For much of the past century in Norway, both the average weight of pregnant women and the proportion of their newborn boys who later developed testicular cancer rose steadily. Researchers pouring over health statistics have discovered that there were temporary reversals of both trends during World War II, a hint that the two phenomena may be connected. Now, a link has been proposed.
The new link fits with evidence that males who were exposed to excess estrogen hormones at an early stage of fetal development may face an elevated risk of developing testicular cancer. Heavier women tend to have higher blood concentrations of biologically active estrogen than lighter women do.
In their study, Tom Grotmol of the Cancer Registry of Norway and his colleagues examined 3,000 Oslo birth records from 1931 to 1955 and compared them with data indicating the number of Norwegian men born during each of those years who later developed testicular cancer.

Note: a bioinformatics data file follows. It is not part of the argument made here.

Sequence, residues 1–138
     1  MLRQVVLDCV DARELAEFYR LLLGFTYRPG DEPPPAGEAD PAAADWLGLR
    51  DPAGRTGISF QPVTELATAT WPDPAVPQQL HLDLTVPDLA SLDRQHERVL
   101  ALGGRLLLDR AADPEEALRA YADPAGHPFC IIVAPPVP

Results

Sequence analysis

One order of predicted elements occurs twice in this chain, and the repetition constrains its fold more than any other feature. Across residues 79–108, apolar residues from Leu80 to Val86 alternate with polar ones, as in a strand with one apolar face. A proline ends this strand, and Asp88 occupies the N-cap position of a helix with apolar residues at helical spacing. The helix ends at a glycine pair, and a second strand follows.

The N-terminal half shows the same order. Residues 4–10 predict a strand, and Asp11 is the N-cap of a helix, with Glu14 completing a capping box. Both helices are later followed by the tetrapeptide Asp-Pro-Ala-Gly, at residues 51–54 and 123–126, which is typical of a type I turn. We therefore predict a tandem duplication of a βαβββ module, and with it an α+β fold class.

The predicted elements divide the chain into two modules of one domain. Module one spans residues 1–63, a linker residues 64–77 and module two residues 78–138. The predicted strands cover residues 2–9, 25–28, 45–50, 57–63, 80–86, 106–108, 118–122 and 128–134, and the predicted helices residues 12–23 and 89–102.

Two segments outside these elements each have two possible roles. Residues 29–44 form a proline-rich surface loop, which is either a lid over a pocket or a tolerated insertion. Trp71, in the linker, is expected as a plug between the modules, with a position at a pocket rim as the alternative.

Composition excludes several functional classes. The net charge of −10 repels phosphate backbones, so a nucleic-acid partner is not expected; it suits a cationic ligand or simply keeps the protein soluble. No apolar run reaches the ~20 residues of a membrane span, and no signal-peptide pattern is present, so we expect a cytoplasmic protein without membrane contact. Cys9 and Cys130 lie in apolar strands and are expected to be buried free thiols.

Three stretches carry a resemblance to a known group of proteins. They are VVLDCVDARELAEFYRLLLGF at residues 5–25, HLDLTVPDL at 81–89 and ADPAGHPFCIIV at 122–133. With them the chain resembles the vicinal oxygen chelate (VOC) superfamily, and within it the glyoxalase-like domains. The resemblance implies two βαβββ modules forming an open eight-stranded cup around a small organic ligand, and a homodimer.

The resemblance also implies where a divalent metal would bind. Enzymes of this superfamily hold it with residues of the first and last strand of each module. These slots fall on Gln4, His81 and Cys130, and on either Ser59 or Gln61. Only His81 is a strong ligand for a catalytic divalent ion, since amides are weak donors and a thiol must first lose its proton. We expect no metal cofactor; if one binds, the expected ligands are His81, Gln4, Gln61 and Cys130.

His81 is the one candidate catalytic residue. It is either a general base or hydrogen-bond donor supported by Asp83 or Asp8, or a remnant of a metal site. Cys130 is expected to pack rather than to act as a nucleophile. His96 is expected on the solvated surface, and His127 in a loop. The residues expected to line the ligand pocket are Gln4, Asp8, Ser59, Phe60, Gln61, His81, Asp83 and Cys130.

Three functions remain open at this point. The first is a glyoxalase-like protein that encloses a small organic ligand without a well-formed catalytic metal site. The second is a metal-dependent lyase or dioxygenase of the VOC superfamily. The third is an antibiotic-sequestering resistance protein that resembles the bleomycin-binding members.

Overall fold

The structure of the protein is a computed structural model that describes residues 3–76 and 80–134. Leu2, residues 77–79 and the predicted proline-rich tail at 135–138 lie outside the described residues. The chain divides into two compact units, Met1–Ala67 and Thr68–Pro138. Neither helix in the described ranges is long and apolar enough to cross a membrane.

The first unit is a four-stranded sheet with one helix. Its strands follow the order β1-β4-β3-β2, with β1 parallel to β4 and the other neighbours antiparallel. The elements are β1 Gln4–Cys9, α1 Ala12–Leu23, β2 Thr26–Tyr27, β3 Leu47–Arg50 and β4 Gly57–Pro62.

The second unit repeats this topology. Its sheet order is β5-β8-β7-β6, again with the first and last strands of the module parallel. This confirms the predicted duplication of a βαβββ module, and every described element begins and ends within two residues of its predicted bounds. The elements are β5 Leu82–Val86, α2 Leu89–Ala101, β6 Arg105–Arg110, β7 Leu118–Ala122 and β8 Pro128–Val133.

The yearly incidence of testicular cancer reflected an upward trend, from 9.4 cases per 100,000 men for those born between 1931 and 1935 to 13.9 cases for men born from 1951 to 1955, the researchers say. However, the malignancy’s incidence dipped to 8.7 cases during the war years 1941 to 1945. That was also the only period in the study that showed a decline in average maternal weight, the investigators report in the Aug. 20 International Journal of Cancer.
During World War II, consumption of foods such as milk and meat were restricted in Norway, leading to lower average weights in the population.